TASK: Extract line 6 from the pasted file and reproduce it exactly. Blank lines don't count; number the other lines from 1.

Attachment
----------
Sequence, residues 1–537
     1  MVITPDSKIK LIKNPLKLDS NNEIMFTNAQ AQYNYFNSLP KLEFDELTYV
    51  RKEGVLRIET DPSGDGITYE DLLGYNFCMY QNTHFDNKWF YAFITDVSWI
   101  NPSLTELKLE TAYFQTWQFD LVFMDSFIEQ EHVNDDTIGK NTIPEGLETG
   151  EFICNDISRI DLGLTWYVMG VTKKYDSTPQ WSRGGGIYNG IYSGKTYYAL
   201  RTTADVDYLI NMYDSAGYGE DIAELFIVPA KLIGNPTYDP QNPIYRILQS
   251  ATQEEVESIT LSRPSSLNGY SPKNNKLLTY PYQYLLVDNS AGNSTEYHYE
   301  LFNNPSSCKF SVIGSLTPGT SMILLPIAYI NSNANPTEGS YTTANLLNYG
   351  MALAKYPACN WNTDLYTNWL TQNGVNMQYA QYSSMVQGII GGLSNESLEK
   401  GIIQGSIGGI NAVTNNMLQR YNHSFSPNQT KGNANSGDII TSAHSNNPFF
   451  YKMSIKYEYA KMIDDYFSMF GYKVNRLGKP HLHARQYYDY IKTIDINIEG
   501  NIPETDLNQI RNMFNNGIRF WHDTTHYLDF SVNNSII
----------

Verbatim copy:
   201  RTTADVDYLI NMYDSAGYGE DIAELFIVPA KLIGNPTYDP QNPIYRILQS